Mr James McGrady1 was born on 8 March 1885 in Lisnamore, Crossgar in Co Down, Ireland into a Roman Catholic family. He was the illegitimate son of Ann Hagan2 (b. circa 1867).
The identity of James's father is not entirely certain; there have been reports that he was a railway worker by the name of James McGrady who apparently died before the younger James was born. No such records have surfaced for any such death occurring. It may have been a simple case that James' mother and father just never married and the absence of a father was explained away in stark and final terms.
His mother was later remarried to Thomas Alphonsus Savage (b. 11 March 1867), a farmer from Killyleagh, Co Down yet further details about this match remain unclear and it is not known if they had any children.
James appears to have been raised for a portion of his early life by his widowed maternal grandmother, Margaret Hagan (b. 1815 in Co Down) and they appear together on the 1901 census living at house 9 in Lisnamore, Crossgar. He was described at the time as an agricultural labourer and aged 16 and apparently went to sea around that age also. His grandmother died the next year following an aneurism on 15 June 1902 aged 87 and the informant was James' mother Ann Savage.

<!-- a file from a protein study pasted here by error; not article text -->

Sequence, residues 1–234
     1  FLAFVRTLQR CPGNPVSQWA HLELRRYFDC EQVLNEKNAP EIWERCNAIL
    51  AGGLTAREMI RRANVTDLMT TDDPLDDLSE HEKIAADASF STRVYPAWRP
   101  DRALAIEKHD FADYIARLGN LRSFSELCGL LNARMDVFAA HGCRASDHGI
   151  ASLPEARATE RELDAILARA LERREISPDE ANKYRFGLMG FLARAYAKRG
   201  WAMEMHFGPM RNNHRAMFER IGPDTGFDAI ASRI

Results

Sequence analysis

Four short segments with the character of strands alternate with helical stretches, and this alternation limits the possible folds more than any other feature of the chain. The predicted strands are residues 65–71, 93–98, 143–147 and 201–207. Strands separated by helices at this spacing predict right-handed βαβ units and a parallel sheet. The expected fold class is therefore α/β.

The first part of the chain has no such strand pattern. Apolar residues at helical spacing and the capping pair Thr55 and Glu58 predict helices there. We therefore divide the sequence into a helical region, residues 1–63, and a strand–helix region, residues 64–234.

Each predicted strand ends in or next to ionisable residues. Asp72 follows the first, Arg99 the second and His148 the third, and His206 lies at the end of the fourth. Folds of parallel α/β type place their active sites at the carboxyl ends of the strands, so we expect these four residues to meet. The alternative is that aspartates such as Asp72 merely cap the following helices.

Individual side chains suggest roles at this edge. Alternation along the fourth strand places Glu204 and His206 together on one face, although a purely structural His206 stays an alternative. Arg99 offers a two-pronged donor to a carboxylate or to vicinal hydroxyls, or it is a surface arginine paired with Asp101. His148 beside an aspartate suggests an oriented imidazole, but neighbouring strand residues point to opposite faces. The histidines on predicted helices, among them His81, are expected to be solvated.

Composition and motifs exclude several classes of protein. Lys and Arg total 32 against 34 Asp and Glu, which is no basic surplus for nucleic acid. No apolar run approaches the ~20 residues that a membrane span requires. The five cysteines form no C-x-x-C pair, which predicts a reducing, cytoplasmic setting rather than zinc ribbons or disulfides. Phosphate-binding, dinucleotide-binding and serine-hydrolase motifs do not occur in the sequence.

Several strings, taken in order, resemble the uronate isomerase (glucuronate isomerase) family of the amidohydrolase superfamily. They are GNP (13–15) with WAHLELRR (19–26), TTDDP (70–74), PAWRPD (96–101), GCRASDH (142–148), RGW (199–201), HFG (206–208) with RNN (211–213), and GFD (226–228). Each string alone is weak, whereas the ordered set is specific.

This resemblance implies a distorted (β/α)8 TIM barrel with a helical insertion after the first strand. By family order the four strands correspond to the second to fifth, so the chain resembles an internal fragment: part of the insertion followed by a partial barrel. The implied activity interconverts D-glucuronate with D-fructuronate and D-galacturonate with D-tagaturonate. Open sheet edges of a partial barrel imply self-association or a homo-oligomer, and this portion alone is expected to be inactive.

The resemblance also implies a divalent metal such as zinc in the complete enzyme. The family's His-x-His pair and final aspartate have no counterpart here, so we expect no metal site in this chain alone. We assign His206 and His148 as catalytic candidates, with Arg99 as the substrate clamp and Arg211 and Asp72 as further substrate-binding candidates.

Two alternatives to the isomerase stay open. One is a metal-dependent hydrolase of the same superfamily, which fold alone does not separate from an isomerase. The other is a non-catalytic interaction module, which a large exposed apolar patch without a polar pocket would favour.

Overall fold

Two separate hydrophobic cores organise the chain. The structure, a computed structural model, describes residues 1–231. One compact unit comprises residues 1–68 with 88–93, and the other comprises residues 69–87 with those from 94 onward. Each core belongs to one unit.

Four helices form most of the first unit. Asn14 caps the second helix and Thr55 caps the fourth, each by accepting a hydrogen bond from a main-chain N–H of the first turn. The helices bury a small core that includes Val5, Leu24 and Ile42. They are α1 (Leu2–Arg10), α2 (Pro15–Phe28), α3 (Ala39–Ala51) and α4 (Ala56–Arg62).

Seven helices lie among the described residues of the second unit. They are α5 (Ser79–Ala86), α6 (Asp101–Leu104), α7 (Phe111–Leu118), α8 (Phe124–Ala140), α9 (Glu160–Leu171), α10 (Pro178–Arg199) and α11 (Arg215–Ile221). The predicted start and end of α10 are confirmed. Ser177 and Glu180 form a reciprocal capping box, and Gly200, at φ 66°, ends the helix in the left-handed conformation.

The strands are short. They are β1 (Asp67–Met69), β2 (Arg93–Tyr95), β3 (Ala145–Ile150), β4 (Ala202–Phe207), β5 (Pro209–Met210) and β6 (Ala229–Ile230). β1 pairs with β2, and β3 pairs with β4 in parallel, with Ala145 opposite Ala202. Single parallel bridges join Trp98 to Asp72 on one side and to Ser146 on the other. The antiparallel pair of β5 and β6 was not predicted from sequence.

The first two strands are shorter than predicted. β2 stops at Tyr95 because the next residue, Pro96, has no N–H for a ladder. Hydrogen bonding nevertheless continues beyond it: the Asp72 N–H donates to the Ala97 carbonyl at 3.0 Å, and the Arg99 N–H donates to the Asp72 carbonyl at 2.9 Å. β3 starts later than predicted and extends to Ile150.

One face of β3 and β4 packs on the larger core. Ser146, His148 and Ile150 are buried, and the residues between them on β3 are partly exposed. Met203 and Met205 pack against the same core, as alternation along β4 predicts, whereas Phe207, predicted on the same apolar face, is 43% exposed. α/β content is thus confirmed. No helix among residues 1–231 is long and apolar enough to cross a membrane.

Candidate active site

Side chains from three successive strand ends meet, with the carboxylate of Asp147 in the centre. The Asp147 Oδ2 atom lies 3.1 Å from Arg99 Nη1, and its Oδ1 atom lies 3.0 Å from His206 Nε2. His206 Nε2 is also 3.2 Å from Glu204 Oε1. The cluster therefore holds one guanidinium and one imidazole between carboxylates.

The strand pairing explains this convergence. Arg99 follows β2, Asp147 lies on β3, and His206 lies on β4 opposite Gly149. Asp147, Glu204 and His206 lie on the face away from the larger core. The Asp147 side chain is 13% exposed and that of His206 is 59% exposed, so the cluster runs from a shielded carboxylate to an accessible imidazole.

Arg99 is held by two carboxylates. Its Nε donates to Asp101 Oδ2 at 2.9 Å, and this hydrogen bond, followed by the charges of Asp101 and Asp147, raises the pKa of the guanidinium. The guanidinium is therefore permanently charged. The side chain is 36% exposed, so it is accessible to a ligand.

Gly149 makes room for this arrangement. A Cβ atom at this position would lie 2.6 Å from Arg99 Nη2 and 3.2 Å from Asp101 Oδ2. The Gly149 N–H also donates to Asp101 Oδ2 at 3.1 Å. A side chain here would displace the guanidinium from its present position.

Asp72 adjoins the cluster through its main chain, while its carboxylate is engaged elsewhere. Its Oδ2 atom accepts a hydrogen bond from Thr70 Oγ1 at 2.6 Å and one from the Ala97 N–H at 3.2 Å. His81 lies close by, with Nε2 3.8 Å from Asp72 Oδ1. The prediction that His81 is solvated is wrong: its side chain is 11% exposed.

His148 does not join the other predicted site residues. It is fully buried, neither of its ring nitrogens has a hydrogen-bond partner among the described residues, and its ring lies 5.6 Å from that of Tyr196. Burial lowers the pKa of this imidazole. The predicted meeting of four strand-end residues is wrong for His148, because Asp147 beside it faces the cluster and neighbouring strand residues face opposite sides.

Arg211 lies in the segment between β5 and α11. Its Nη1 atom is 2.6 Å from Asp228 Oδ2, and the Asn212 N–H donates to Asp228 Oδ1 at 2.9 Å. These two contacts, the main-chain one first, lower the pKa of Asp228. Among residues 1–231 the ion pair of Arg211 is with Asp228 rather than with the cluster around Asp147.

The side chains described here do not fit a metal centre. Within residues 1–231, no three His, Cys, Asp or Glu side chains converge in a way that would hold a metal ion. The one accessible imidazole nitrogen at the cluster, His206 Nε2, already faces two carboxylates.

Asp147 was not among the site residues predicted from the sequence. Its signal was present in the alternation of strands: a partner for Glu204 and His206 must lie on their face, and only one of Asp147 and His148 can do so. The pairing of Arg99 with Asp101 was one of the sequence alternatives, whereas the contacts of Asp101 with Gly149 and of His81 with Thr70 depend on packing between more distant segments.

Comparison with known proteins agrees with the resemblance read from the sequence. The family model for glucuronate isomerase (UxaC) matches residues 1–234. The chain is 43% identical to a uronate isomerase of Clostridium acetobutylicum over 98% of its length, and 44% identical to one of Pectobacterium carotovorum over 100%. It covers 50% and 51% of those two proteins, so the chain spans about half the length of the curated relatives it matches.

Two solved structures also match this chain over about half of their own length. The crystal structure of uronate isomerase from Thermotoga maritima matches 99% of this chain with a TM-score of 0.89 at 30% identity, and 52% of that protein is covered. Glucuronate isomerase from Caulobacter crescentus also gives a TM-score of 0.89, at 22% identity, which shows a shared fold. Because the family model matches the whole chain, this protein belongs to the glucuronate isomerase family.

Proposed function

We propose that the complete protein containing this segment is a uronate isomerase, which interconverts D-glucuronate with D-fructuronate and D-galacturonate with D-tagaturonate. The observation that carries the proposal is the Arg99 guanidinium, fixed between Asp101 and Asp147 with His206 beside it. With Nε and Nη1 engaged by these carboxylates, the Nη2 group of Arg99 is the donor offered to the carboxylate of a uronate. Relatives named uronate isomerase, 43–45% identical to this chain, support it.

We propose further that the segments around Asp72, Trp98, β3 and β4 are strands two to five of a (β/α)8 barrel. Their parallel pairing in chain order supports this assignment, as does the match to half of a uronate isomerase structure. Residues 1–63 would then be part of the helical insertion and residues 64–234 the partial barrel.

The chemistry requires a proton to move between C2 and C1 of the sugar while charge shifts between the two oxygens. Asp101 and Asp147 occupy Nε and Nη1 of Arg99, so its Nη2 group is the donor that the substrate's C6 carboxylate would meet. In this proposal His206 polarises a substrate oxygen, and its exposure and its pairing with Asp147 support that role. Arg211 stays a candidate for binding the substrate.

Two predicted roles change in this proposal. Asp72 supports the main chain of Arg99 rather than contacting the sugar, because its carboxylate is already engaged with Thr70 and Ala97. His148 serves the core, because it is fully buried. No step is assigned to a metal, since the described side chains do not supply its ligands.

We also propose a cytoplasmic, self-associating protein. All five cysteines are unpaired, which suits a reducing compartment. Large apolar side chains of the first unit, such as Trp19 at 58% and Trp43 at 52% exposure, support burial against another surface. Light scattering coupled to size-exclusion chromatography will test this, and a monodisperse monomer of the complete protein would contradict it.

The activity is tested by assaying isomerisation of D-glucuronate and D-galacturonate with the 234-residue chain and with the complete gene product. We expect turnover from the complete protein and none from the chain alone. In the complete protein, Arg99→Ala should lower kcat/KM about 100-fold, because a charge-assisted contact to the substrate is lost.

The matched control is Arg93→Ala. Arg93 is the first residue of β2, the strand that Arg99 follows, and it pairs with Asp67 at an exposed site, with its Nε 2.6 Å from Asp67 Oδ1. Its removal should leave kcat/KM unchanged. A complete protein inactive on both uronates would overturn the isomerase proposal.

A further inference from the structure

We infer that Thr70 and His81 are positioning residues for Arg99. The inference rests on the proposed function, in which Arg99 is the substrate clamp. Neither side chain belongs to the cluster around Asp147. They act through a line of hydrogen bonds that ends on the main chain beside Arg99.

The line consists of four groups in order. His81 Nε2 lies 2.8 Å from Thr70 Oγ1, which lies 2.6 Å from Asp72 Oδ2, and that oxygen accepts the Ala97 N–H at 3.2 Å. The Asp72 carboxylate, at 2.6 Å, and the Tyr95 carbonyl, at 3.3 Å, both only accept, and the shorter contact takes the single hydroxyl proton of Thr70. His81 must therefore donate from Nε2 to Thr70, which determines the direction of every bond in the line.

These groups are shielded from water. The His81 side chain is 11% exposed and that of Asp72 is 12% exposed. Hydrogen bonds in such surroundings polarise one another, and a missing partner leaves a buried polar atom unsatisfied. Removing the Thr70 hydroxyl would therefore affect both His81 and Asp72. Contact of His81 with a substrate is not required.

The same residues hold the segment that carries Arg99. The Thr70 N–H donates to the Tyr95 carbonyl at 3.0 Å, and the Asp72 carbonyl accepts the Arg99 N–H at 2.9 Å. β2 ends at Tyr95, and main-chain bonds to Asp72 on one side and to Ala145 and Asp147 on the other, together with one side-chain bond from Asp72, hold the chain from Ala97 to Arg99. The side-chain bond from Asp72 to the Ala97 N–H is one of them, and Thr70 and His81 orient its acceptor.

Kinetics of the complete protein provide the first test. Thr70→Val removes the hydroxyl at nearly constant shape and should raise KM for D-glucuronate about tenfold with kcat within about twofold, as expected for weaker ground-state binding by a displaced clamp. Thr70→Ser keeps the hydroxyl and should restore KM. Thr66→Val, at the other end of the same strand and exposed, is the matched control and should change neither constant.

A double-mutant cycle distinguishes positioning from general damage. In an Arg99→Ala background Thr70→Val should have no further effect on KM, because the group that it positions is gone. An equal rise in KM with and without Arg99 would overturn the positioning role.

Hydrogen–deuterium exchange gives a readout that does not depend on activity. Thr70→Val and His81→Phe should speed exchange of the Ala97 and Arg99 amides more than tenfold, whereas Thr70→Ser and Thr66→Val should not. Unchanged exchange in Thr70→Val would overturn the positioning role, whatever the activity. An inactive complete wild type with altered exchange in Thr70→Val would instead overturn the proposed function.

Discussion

When he signed-on to the Titanic on 6 April 1912, McGrady gave his local address as the Platform Tavern in Southampton. His previous ship had been the Oceanic and as a first class steward he received monthly wages of £3, 15s.
James McGrady died in the sinking. His body was later recovered, around 25 May 1912 by the steamship Algerine. The body was transferred to the Florizel and returned to Halifax, Nova Scotia on 11 June 1912, and was buried along with other Titanic victims at Fairview Lawn Cemetery.
McGrady's was the last body to be recovered and was listed as #330 but, in fact, only 328 bodies were recovered.
What became of his mother and stepfather remains unknown.